It is reported that Estonia has Europe’s lowest property taxes. “The Estonian tax system is largely based on labor and consumption taxes, while property taxes only play a modest part in funding social expenses,” said the report. The report points out that while property taxes yield over 1 percent of GDP in most EU member states, up to 4 percent in France, the indicator for Estonia is 0.2 percent. The main property tax in Estonia is land tax, the revenue of which goes to local governments. “The share of real estate taxes in tax revenue was 0.6 percent in Estonia compared with 3 percent as the EU average in 2019. Land tax revenue has not exceeded €60 million since 2012,” it notes.

In Australia, as part of the Victorian Budget 2021/22, the government announced the introduction of a new “windfall gains tax”. The aim of the tax is to capture a share of the profits currently enjoyed by landowners when their land is rezoned. The proposed legislation provides that the tax will apply to land that increases in value by more than $100,000 as a result of rezoning. It will be imposed on the landowner at the time of the rezoning. Where the increase is between $100,000 and $500,000, a tax rate of 62.5% will apply on the value uplift above $100,000. Where the increase is $500,000 or more, a tax rate of 50% will apply to the total value uplift. The tax will come into operation from 1 July 2023, 12 months later than initially planned. The value uplift will be calculated as the difference in the capital improved value of the land (changed from site value) before and after the rezoning takes effect. The former value being the most recent valuation in force for the land and the latter determined through a supplementary valuation certified by the Valuer-General.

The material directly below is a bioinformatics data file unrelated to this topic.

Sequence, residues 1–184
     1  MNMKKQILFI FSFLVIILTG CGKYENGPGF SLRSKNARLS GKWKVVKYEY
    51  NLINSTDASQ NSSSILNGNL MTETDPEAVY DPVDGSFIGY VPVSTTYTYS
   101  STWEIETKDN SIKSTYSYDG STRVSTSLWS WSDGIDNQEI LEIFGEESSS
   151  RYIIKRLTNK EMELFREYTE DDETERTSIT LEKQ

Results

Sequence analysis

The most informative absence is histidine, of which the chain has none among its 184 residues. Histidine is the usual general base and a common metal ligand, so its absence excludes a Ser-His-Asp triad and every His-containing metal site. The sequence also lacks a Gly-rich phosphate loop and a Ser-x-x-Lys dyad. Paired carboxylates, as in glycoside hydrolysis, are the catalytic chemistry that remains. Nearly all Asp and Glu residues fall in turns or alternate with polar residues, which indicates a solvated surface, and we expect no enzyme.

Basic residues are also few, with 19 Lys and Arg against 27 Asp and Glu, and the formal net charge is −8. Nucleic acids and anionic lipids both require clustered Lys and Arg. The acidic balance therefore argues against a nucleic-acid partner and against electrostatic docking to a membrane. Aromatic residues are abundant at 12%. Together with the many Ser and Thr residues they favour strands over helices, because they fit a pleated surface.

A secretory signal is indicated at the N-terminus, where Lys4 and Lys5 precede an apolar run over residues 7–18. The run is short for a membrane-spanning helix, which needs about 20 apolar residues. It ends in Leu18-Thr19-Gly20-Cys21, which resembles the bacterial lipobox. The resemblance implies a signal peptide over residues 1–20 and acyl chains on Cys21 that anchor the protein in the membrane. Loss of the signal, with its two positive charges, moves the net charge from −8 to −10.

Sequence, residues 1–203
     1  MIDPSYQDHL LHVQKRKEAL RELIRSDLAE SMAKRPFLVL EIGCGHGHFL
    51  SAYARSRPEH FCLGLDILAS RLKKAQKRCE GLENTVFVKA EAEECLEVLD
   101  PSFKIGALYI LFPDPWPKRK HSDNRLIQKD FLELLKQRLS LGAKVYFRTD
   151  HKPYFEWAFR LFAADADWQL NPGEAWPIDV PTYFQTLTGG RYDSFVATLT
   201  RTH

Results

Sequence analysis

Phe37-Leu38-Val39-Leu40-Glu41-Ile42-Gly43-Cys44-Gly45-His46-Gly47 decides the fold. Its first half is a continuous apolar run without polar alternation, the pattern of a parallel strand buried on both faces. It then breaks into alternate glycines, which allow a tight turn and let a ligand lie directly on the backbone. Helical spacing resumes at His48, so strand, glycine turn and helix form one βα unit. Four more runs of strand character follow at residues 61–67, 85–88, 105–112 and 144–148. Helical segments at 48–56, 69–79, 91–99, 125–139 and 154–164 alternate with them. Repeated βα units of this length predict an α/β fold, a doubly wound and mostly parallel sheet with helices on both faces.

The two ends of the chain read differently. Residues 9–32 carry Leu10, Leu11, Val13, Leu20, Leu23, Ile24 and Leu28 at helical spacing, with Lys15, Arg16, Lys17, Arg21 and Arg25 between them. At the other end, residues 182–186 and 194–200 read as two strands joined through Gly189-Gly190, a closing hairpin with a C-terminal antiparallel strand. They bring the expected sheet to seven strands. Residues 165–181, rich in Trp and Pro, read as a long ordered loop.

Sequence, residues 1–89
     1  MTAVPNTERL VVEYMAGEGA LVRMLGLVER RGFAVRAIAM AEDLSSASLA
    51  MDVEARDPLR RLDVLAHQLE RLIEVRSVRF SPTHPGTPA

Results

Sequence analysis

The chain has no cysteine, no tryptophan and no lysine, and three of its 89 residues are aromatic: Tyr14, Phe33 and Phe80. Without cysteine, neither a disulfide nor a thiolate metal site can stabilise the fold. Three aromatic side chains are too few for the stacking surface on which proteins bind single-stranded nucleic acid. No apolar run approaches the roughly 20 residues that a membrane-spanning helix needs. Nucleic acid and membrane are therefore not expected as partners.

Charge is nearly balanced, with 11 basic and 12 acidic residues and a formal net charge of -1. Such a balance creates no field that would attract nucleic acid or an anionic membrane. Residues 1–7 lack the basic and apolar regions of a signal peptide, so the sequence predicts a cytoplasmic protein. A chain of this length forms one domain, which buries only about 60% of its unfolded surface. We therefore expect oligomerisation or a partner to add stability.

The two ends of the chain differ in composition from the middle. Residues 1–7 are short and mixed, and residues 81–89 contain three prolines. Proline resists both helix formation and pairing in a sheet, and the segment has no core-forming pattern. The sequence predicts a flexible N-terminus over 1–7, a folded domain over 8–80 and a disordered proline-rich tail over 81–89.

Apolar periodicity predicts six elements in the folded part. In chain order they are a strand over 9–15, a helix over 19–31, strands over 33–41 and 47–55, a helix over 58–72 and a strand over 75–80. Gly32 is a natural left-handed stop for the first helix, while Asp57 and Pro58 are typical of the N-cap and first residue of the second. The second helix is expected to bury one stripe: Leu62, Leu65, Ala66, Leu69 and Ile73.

After years of uncertainty, it seems that China is about to introduce a new property tax system. The top decision-making body of the Chinese parliament recently said it will roll out a pilot real estate tax in some regions. The State Council, or Cabinet, will determine which regions will be involved and other details. The long-mooted – and long-resisted – property tax has reportedly gained new momentum since the President threw his support behind what experts describe as one of the most profound changes to China’s real estate policies in a generation. Such a tax could, it is reported, help restrain home prices that have soared more than 2,000 per cent since the privatisation of the housing market in the 1990s and created an affordability crisis in recent years. The tax will apply to residential and non-residential property but will not apply to rural land. The idea of a levy on homeowners first surfaced in 2003 but failed to take off due to concerns that it would damage property demand, home prices, household wealth and future real estate projects. In pilot programmes rolled out in 2011, the cities of Shanghai and Chongqing taxed homeowners, albeit just those possessing higher-end housing and second homes, at rates from 0.4 per cent to 1.2 per cent. Analysts expect a wider pilot to first include wealthier and economically more diversified regions in eastern and southern China such as the provinces of Zhejiang and Guangdong.

And finally, a story from the USA about personal property tax. A taxpayer reported that he was in trouble about a property tax bill relating to his wife’s car. The bill was from a different state to the one he now lives in. Having received a debt collector’s letter about a tax he knew nothing about – and for which he did not consider he was liable – he got in touch with the state in which he had lived three years earlier to explain the position. He found the person dealing with the matter very unsympathetic and maintained that he “should have known the law”. Amusingly, the taxpayer said he hadn’t read the entire statute book before he left! Even after explanation, the official refused to drop the matter and the taxpayer described the state as “a little like the Hotel California: you can check out any time you like, but you can never leave.”

Paul Sanderson JP LLB (Hons) FRICS FIRRV

President, International Property Tax Institute